There are many discussions going on in the area of food production, distribution, and consumption. For a significant part, this discussion can be divided into two sides: people advocating we should go back to traditional ways of the food industry and people promoting the interference of scientific developments. Both sides are strong supporters of a food industry that produces and distributes food in a way that is less harmful for the environment, and to develop healthier food for consumption. The group that promotes science is highly criticised because of a fear of losing the human aspect in the food system (Parasecoli, 2015). But would it really be that bad to involve technology on a greater scale in the food industry? While many industries have already faced opportunities, and challenges, from great disruptive technologies and developments, the food industry seems to have stayed behind.
When we think about disruptive technologies in the food industry, things like robot-chefs and 3D printed food comes to mind. Even though these kind of technologies are currently being developed (Davis et al, 2015) the great advantage for now might lie in less extravagant developments. Developments that we already find pretty common, like sensors, WiFi, smartphones, and drones, are actually disrupting the traditional ways of producing food (Byrnes, 2015). Not so much individually, but combined they offer great potential for one of the potential great disrupters of the food industry: Big data. You might say that this is nothing new, but for the food industry to change we have to go back to where the production of food starts, which are the farmers. And if you then consider that the broad availability of WiFi in great farmer areas, the usage of smart phones, and the development of accurate but cheap sensors, has not been around for that long it is not surprising that there have been little farmers taking advantage of the possibilities. The different data coming from these sources offer farmers the possibility to combine this information with for example weather forecasts and make better decisions. This results in better quality crops, less costs for the farmer because of for example more efficient use of fertilizers, and consequently more revenue (Byrnes, 2015).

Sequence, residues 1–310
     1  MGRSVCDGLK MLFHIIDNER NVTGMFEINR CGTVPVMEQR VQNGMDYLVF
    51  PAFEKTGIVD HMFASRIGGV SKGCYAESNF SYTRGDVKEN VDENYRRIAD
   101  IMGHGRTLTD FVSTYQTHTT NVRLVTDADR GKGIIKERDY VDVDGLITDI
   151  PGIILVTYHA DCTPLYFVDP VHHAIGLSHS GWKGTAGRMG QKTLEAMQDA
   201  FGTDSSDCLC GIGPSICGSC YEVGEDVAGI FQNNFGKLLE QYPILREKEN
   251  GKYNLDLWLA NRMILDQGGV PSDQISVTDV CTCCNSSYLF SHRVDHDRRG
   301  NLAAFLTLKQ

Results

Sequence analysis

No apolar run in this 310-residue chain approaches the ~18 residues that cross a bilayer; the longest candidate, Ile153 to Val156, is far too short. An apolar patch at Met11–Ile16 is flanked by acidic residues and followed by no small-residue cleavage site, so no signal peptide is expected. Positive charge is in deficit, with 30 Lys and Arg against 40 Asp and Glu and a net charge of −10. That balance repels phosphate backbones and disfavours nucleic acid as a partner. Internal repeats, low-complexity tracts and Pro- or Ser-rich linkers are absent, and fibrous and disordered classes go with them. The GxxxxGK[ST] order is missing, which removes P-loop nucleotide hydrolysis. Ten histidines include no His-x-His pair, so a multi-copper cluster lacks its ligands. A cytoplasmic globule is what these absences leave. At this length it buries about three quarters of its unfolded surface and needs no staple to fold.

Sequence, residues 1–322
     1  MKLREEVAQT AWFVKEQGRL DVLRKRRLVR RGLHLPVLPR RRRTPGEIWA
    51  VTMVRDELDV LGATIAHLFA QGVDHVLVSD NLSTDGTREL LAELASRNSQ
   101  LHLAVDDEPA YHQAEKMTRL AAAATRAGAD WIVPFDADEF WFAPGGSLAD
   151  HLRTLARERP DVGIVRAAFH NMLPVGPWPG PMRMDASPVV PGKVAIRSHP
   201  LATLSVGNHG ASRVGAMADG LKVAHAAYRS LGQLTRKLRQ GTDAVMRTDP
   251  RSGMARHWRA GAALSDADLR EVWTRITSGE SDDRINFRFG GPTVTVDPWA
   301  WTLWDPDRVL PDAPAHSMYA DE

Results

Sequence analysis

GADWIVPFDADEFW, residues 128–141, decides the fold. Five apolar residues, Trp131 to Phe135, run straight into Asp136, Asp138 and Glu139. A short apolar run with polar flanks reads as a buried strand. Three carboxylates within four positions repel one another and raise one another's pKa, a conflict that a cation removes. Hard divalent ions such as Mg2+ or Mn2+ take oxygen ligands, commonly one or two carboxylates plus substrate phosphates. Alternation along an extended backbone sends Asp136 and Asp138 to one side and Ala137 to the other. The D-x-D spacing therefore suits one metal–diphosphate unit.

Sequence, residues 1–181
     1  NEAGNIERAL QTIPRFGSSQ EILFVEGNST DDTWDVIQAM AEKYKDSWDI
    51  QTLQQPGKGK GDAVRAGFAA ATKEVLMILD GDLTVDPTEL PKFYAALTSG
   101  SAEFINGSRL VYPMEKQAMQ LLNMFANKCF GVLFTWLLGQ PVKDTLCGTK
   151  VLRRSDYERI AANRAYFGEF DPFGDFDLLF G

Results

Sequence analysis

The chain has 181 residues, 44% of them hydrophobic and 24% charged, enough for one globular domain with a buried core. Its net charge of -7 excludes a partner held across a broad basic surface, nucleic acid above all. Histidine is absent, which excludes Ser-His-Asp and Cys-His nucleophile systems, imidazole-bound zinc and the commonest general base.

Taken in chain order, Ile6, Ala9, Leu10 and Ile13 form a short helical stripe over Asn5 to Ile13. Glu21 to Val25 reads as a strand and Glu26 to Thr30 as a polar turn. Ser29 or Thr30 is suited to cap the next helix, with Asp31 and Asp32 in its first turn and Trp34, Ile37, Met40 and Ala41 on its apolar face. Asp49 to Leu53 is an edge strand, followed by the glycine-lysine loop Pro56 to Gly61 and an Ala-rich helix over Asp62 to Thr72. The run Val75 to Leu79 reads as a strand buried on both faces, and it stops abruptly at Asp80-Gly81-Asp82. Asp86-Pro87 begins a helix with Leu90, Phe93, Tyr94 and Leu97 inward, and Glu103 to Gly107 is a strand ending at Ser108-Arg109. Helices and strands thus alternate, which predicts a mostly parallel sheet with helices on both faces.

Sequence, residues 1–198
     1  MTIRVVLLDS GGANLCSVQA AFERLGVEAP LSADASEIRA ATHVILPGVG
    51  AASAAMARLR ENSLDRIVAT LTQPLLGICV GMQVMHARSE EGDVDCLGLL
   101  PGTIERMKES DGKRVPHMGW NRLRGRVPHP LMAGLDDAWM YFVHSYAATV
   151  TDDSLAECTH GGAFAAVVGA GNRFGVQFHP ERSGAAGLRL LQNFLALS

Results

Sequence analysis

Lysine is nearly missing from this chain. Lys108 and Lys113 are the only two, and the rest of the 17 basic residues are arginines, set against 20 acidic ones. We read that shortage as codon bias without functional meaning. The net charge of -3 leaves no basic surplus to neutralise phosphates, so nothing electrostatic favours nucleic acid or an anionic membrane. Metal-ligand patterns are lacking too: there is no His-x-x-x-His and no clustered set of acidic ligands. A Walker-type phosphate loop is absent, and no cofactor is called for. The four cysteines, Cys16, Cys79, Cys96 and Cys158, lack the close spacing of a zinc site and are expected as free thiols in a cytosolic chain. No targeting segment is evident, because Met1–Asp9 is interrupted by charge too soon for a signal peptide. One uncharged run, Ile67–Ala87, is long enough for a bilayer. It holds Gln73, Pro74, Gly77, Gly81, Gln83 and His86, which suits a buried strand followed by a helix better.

The use of big data in the food industry can be relatively easily implemented by the farmers, no big investments are necessary and information can be readily available. It enables a more efficient use of resources, which is better for the environment and the farmers, and it leads to be a better quality of crops which is beneficial for the consumer. All without technology genetically modifying our food or removing the human aspect in our food production.
Byrnes, N., 2015. Internet of farm things. [online] Technology review. [available at] http://www.technologyreview.com/news/537596/internet-of-farm-things/ [Accessed 6 October 2015]
Davis, N., Burgen, S., & Corbyn, Z., 2015. Future of food: how we cook. [online] The Guardian. [available at] http://www.theguardian.com/technology/2015/sep/13/future-of-food-how-we-cook [Accessed 6 October 2015]
Parasecoli, F., 2015. Food and technology: clash or synergy? [online] Huffington post. [available at] http://www.huffingtonpost.com/fabio-parasecoli/food-and-technology-clash_b_8206410.html [Accessed 6 October 2015]